Sunday, September 24, 2006

The Pentacost of Poverty

Your Sunday Sermon.

Ok folks what do these two points have in common?

Empire of Oil: Capitalist Dispossession and the Scramble for Africa
Michael Watts
Everyone’s worst urban nightmare—Lagos—grew from 300,000 to 13 million in over fifty years and is expected to become part of a vast Gulf of Guinea slum of 60 million poor along a littoral corridor 600 kilometers stretching from Benin City to Accra by 2020. Black Africa will contain 332 million slum dwellers by 2015, a figure expected to double every fifteen years. The pillaging and privatization of the state—whatever its African “pathologies”—and the African commons is the most extraordinary spectacle of accumulation by dispossession, all made in the name of foreign assistance. The involution of the African city, notes Mike Davis (Planet of Slums, Verso, 2005) has as its corollary not an insurgent lumpenproletariat but rather a vast political universe of Islamism and Pentecostalism. It is this occult world of invisible powers—whether populist Islam in Kano or witchcraft in Soweto—that represents the most compelling ideological legacy of neoliberal utopianism in Africa.

Monthly Review January 2006 James Straub Unions and Evangelicals In The Rust Belt

However, it remains undeniable that Bush’s Ohio victory did come in part from a massive outpouring of socially conservative evangelical Christians to the polls. A large majority of these Republican evangelicals were blue-collar Ohioans voting against their self-interest, many mobilized by Burress’s anti-gay marriage amendment.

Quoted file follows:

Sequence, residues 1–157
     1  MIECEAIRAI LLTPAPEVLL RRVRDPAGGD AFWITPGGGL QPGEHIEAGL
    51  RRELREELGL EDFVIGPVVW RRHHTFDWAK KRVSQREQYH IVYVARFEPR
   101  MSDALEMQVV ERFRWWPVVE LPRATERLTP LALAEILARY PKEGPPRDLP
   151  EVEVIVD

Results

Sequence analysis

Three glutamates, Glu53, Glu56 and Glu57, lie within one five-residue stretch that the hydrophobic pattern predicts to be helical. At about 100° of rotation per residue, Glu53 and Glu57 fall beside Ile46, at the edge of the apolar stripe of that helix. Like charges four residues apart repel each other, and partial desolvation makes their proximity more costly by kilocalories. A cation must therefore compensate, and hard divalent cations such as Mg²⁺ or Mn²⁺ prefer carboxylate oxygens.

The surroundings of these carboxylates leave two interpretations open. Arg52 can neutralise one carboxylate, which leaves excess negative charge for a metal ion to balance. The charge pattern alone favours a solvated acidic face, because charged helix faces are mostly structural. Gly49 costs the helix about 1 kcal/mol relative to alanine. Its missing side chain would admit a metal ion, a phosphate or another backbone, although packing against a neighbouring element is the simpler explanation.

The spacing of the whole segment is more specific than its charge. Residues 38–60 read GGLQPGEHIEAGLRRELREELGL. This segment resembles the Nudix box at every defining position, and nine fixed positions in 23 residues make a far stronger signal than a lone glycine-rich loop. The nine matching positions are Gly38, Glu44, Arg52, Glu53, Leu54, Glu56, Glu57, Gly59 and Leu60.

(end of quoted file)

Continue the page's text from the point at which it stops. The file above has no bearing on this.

Africa and America share a common problem. One has no manufacturing base and the other has lost it. When the poor get poorer they turn to religion rather than revolution. And in particular to evangelical faiths ( be it charismastic Islam or Christianity) and faithhealers, witchdoctors, etc. that profess a direct relationship with god, possession by god in fact (pentacost) , to feel that they have power in a world where they are in fact powerless.

Religious suffering is, at one and the same time, the expression of real suffering and a protest against real suffering. Religion is the sigh of the oppressed creature, the heart of a heartless world, and the soul of soulless conditions. It is the opium of the people.

The abolition of religion as the illusory happiness of the people is the demand for their real happiness. To call on them to give up their illusions about their condition is to call on them to give up a condition that requires illusions. The criticism of religion is, therefore, in embryo, the criticism of that vale of tears of which religion is the halo.

Marx, A Contribution to the Critique of Hegel's Philosophy of Right

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